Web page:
From this new paper:

Aerosols can also adversely affect air quality and human health, with a recent study attributing 3.3 million premature deaths each year to aggravated aerosol pollution, led by fine particulate matter (PM2.5)8, particularly in heavily polluted areas such as India and China.”

According to this paper, the latest models show (a) a greater shielding of Earth from the Sun during hottest times of the year in the Northern Hemisphere summer (b) this is due to less “large-scale precipitation” and (c) the increase in summer pollution will cause more people to die prematurely.

The Intergovernmental Panel on Climate Change, the IPCC, uses a figure of 0.9 Watts per meter squared for radiative forcing from aerosols. But the uncertainty range is huge. The IPCC suggests radiative forcing could be twice as much, or 1/9th as much as their .9 Wm2 figure. Have scientists narrowed that range since? Does that uncertainty greatly affect the results of this paper? The paper uses methods that do not depend on the uncertainty (I understand), but this does show how really difficult calculating aerosols and their impacts can be. This is still one of those frontiers of science.


This team of scientists find the main driver of increased aerosols (smog, pollution) in the Northern Hemisphere will be driven by the difference in warming over land, compared to the sea. Many scientists and Ecoshock guests have told us the “global warming” will be felt much more by land dwellers, higher than the global mean temperature, which includes the ocean that covers the majority of Earth’s surface. Oceans have depth and circulation, which means some of the heat is transferred into the deep. Thus oceans will heat more slowly, while the land will be hotter. Keep this in mind when the IPCC talks about 2 or 3 degrees C of warming by the year 2100. We on land could experience 4 or 5 degrees C or more hotter lives!

The paper says:

However, some climate warming responses are more robust than others. The land–sea warming contrast (LSWC), where continents warm more than the ocean is a robust feature found in both observations and climate model simulations. This phenomenon is caused by contrasts in surface sensible and latent fluxes over land, land–ocean contrasts in boundary-layer lapse rate changes, boundary-layer relative humidity and associated low-level cloud cover changes over land, and soil moisture reductions.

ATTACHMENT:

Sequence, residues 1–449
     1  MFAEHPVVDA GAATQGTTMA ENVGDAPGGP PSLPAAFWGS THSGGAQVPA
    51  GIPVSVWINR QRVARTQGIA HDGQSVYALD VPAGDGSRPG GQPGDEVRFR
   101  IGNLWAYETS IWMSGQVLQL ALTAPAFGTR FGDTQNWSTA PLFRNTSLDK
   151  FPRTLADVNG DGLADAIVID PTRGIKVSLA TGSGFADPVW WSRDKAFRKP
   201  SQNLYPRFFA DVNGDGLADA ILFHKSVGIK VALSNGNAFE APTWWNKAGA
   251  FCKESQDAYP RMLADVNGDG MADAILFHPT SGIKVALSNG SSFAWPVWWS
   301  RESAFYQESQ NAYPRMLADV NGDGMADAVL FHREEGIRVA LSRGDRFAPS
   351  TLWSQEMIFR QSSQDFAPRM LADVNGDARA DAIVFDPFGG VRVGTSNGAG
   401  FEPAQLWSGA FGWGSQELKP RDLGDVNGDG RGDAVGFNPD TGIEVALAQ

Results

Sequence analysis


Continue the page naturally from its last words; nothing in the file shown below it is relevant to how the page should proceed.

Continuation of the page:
Thus, enhanced continental warming is associated with an increase in land aridity, which in turn may affect the burden of anthropogenic aerosols. Here, we demonstrate, using novel simulations, that the LSWC is a dominant driver of the anthropogenic aerosol increase under future warming.

I wonder how will aerosols change if large-scale droughts invade more of the Earth, and the hydrological cycle is changed due to disappearing Glaciers, as in the Andes, or the Himalayas. The studies by Robert Allen, and our previous Radio Ecoshock guest Yangyang Xu, show that expected meteorological changes will enhance the effect of aerosols. Yes a warmer atmosphere will hold more moisture, but that is expected to show up in more extreme rainfall events. In between those extreme rains, in some parts of the world there will be more dry days in between, and more stagnant weather patterns. This leads to a worsening pollution (with all the attendant health affects, and a slight cooling when those conditions exist).

The paper led by Robert Allen deals mainly with the effects of climate change on aerosols in the Northern Hemisphere. I have not forgotten my listeners in Australia and New Zealand. But most of the aerosol pollution comes out of the much more heavily populated northern hemisphere. Unlike carbon dioxide, which distributes itself evenly around the world’s atmosphere over time, aerosol pollution mainly stays in the hemisphere where it was created. A lot of the excess unfortunately collects in the Arctic, where glaciers and snows are darkening. That leads to earlier spring melts, and more exposed darker land for longer periods, another spin-off effect that adds to the heating of the planet.

In a Comment in Nature, scientists Ramanathan, Victor and Xu warned “Global warming will happen faster than we think”. Changes in air pollution was one of three key factors in faster heating of the planet.

Warming Faster Than We Think


We break off for a minute to discuss something I learned from Allen’s previous paper in 2012 “Recent Northern Hemisphere tropical expansion primarily driven by black carbon and tropospheric ozone“. I did not know the Tropics are expanding north and south as the world warms. Although emissions are a factor, that is not directly causing tropical expansion, but something else. Dr. Allen tells us the drivers of tropical expansion are different for the North and Southern Hemispheres.

This is not a small thing. An earlier paper (2008) paper by Seidel et al. suggests the Tropics expanded 2-5 degrees of latitude since 1979. Using rough calculations, at the high end of 5 degrees latitude, that moves the Tropics about 350 miles, or 550 kilometers, closer to most of my listeners. But Robert says more recent science has refined that, bringing Tropical expansion to the lower end, around 2 degrees of latitude. That is still about 138 miles since 1979, or 222 kilometers. We presume that tropical insects and plants are moving north and south, toward the poles, along with tropical weather.